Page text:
The intuitive example of the ball leads to the law of minimum potential energy of a system: "A conservative elastic system is in a state of stable equilibrium if, and only if, the value of the potential energy is a relative minimum".

The words "relative minimum" are used because there may be other minima nearby at lower values of potential energy separated by small "hills" but the move from one minimum to another necessitates large disturbances (Figure 2). The existence of a relative minimum of the potential energy in the equilibrium configuration is, strictly speaking, only a sufficient condition for stability. However, this principle is, in practice, generally accepted as both a necessary and sufficient condition for stability.


It has been shown that the stability concept is related to potential energy of the system. However, stability of a static elastic system, or structure, may also be explained by stiffness considerations. Referring to Figure 1a, one can see that the derivative of the potential energy with respect to displacement gives the stiffness (in the figure, the slope of the surface) of the system.

Thus, positive stiffness implies a stable state, whereas at a stability limit the stiffness vanishes. For a structure, the stiffness is given in matrix form, which if it has both a positive and definite condition, guarantees a stable state for the structure. The point at which the state of a system changes from stable equilibrium into neutral equilibrium is called "the stability limit".

The system of a ball on a curved plane (where the stability depends only on the shape of the surface) can be compared to a structure such as a compressed column. In this case, the column may be stable or unstable, depending of the magnitude of the axial load, which is the controlling parameter of the system (Figure 3a). Since the member is initially straight and the load is axial, the structure will be in stable equilibrium for small values of N; if a disturbing force produces deflections, the column will return to its straight position. When the load reaches a certain level, called "critical load", the stable equilibrium reaches a limit. At this load Ncr, there exists another equilibrium position in a slightly deflected configuration of the column; if, at this load, the member is deflected by some small disturbance, it will not return to the straight configuration.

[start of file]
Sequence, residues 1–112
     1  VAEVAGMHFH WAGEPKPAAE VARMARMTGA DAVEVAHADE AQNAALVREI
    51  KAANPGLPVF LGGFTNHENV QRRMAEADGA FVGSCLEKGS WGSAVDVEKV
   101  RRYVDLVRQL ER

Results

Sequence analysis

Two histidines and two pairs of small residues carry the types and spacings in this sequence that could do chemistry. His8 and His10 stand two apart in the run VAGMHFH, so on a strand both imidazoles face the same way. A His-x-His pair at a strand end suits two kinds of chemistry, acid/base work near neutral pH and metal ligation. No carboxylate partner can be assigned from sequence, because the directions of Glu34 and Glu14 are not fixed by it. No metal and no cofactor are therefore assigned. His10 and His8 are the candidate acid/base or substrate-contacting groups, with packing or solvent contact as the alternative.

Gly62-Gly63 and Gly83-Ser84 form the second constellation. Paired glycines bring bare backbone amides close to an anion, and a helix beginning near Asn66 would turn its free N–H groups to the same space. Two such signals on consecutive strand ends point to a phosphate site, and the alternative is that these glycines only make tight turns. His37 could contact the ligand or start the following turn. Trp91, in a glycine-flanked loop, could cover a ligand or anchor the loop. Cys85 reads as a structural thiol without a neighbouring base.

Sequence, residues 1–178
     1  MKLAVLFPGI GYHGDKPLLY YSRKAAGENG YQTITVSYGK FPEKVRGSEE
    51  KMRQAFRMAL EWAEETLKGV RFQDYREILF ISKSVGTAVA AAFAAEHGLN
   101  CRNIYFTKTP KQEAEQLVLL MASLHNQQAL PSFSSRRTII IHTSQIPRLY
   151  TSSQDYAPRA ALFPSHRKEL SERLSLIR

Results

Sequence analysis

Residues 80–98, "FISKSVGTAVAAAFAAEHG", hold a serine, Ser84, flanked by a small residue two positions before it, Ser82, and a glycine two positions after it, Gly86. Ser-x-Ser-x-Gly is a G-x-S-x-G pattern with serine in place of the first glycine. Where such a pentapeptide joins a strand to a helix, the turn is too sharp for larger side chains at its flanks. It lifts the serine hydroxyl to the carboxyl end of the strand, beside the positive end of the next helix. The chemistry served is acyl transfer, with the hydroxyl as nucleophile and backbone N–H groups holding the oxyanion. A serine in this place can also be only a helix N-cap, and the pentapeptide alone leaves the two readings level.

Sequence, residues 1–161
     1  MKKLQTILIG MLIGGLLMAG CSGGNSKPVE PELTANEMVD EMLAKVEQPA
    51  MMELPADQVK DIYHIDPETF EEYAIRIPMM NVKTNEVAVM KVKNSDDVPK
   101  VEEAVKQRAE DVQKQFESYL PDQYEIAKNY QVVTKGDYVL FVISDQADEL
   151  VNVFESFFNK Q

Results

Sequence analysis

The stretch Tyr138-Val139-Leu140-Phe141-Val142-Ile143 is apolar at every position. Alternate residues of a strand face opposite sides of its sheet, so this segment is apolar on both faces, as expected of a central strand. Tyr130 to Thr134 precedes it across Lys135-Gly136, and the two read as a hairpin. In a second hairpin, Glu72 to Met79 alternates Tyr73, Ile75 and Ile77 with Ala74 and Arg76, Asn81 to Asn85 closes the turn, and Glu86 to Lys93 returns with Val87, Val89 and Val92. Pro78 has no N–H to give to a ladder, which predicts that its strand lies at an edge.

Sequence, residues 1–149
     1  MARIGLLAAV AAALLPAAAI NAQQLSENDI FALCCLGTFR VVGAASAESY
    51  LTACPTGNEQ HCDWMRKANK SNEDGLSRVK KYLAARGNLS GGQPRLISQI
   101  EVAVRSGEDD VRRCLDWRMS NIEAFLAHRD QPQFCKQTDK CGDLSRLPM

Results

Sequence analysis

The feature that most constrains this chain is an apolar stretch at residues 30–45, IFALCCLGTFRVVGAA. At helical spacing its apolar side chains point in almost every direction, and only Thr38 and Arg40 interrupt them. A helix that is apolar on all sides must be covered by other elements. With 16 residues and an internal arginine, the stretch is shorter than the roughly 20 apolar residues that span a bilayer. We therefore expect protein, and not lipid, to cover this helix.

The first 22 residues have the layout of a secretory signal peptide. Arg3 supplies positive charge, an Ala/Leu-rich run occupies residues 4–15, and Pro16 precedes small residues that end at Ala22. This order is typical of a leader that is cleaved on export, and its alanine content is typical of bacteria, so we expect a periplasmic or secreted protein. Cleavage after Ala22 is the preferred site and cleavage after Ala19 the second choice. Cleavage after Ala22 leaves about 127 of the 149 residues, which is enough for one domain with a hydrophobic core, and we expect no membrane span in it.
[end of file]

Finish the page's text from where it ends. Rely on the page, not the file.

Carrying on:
If the load exceeds the critical value, the straight position is unstable and a slight disturbance leads to large displacements of the member and, finally, to the collapse of the column by buckling. The critical point, after which the deflections of the member become very large, is called the "bifurcation point" of the system (Figure 3b).

If the column is not initially perfectly straight, deflection starts from the beginning of the loading and there is no sudden buckling by bifurcation, but a continuous increase of the displacements (Figure 4). This phenomenon is called "divergence of the equilibrium" and there is no strict stability limit. If the material remains elastic, the stiffness of the column (given here by the slope of the N. d curve) is always positive but a small disturbance will produce very large displacements.

The reduction in the stiffness of a structural member is, in general, due to a change either in geometry or in mechanical properties. Stiffness reduction due to geometric change does not generally cause loss of stability but leads to large deflections. On the other hand, major stiffness reductions can result from the change in mechanical properties (yielding or fracture of material) and, in consequence, lead to collapse of the member. This important point is discussed in later lectures.